After an adrenaline high comes the inevitable crash, and that’s just what we’ve got here. After the end of the last issue and the shocking revelation that the Wayne’s baby is dead, a lot of people are very upset and looking for someone to take their anger out on. Luckily our hero Slam is here to offer a fresh(ish) face to punch. It’s here where the story really hits its emotional low point. Everything has fallen apart and it only seems to be getting worse.
The story opens with the commissioner beating the daylights out of Slam at the GCPD headquarters. In addition to the clever wordplay narration I’ve come to expect from this series, what this scene shows us is just how fragile Gotham is at this point. It’s been well established by this point that the police keep order in the city with an iron fist, and a big part of that is the veneer of civility they’ve created. So long as you’re the “right people”, then it’s very easy to believe the illusion given to you. However, when the infant daughter of the wealthiest family in the city gets murdered, all of that comes crashing down.
Of course Slam isn’t to blame for what happens, but he sure makes a nice scapegoat. Not only that, but he makes an easy target for the cops to vent their frustrations on. They aren’t alone either. Richard Wayne also decides to take a crack at him, with armed bodyguards standing by of course. The Richard we see here is far more menacing than anything up until this point. He’s still clearly a coward, hiding behind his protection at the first sign of danger, but he’s out for blood and has little regard for human life.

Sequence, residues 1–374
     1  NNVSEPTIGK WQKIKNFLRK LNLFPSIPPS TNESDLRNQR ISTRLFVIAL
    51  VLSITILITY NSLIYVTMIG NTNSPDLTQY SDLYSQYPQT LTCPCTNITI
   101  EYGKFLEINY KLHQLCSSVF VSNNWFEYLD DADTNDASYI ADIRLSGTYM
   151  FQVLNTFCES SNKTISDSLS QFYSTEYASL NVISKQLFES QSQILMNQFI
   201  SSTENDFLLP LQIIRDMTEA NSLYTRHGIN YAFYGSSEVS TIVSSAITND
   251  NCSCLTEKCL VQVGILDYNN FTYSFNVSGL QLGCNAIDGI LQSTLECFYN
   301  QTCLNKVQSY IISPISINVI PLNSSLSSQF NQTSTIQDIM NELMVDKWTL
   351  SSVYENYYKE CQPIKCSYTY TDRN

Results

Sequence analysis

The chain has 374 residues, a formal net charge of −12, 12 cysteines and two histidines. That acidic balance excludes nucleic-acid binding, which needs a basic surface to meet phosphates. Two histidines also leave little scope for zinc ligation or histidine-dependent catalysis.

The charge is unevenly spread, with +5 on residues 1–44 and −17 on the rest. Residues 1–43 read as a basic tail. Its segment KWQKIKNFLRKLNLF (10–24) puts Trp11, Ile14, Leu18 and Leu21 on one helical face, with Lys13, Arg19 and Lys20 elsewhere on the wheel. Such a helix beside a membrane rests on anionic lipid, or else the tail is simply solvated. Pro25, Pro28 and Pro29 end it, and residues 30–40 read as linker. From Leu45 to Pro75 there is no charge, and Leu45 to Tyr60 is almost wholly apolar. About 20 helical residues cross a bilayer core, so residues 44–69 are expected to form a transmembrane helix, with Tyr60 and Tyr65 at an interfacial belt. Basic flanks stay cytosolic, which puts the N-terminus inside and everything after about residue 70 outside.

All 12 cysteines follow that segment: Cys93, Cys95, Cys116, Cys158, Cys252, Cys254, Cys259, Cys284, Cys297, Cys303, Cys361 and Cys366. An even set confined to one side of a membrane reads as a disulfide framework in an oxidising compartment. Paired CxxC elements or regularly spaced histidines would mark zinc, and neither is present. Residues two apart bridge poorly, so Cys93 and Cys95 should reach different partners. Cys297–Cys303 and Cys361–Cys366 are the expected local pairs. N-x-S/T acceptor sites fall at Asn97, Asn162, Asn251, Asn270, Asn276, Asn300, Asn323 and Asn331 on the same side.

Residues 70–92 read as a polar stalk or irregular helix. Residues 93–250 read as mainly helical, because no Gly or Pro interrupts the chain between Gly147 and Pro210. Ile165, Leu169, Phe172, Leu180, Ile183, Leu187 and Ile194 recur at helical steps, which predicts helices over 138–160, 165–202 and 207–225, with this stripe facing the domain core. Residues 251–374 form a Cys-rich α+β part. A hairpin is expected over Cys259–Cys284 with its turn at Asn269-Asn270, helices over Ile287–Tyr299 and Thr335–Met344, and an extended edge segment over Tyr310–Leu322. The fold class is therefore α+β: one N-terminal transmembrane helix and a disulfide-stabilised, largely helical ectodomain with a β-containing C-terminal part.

Hester’s art plays into this nicely with a Psycho-esque shot of Richard surrounded by his taxidermied predators. Lighting has always been a strong suit of the series, and an essential part of any noir, but this is a great panel. It’s simple, but it clearly and cleanly tells us what we need to know about his character. Maybe it’s a bit derivative, but if you’re going to homage someone, Hitchcock isn’t a bad choice.
Having been thoroughly beaten by Richard Wayne, who better to confide in than the person with the most experience in that area? Every issue so far I’ve praised Constance’s complex character, and I’ll continue to do it here. Seeing her and Slam at their most vulnerable and defeated, only to find solace in each other in defiance of all social expectations is nothing if not cathartic. It also gives the story, and Slam, a chance to breathe. Of course that respite is only the eye in the hurricane before things get really bad.
What happens when you corner an animal and don’t give them an avenue of escape? They attack. Slam is not a perfect man, as he’s more than willing to admit. He has a history of distrust with the police and can only be pushed so far before he takes matters into his own hands.
Spoilers from here on out, as this comic has a lot of big twists
Slam decides that the only course of action is to attack the commissioner in the middle of the night for revenge. It’s a brutal scene where Bellaire’s colors get to play to their strengths, covering the city streets with red and orange to create an ominous atmosphere. Slam narrates about how he meticulously followed the commissioner to somewhere they couldn’t be seen and hit him with a bat before he even knew what was happening. It’s Slam’s darkest moment and possibly a marker for his fall from grace. Mirroring that is what is implied to be the moment that Gotham itself fell. With the iron fisted commissioner crippled and out of action, we’re told that Gotham’s crime rate would soon skyrocket. It’s well done parallel characterization, making Slam’s moral compass a stand-in for the city’s.